A shopping street in the Chinese city of Wuxi has been completely pimped with fake signs of big Western brands. Doing so, the street pretends to be successful and chique, while its shop spaces are actually staying empty. The new identity of the street is not only copied, it’s fake too.
In most cities commercial signs are considered to be something demonic. It pollutes the image of the city, covers façades of historic buildings, and represents the ongoing efforts of brands to advertise their products. In São Paulo, for instance, the mayor decided to remove all billboards in the city some years ago, an effort that was widely praised. In China, however, opinions are slightly different. Branded light signs stand for successful, vibrant and wealthy urban spaces.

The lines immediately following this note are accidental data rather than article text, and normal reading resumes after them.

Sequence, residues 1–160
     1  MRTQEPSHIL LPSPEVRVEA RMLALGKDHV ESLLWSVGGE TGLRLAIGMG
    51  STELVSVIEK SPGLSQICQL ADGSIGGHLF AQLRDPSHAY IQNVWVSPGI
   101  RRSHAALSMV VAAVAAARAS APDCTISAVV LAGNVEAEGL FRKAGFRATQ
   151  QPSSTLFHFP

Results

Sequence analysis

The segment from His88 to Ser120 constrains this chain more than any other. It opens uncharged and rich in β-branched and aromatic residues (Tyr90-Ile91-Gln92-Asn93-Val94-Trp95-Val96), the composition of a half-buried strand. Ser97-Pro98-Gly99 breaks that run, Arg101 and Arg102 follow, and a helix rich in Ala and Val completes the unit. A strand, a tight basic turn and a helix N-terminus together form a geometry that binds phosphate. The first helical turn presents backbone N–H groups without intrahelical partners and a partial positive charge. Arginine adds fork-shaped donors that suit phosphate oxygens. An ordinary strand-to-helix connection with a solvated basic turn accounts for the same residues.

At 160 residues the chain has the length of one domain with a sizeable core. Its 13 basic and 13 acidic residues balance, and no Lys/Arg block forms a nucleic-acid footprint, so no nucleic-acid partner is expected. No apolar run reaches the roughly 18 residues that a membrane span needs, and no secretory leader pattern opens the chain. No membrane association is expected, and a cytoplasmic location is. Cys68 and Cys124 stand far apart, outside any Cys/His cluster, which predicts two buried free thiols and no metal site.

The Chinese are famous for their reproduction skills — no-one would be surprised to find an exact copy of a Western European town in China. But this effort to make a random, boring and empty street look like as if it’s Fifth Avenue is new. The different signs of huge global brands are slightly modified, but still quite recognizable. Everyone knows that ‘Zare’ is meant to be Zara, and that ‘H&N’ refers to H&M. Obviously this is a campaign to attract known brands to become interested in renting space here. But also from an urban designer’s point of view we have to admit that this looks like a lively area. Besides the fact that it’s totally fake, it’s an interesting solution to cope with vacancy. We don’t need Starbucks for its coffee as long we’ve got their signs in our cities.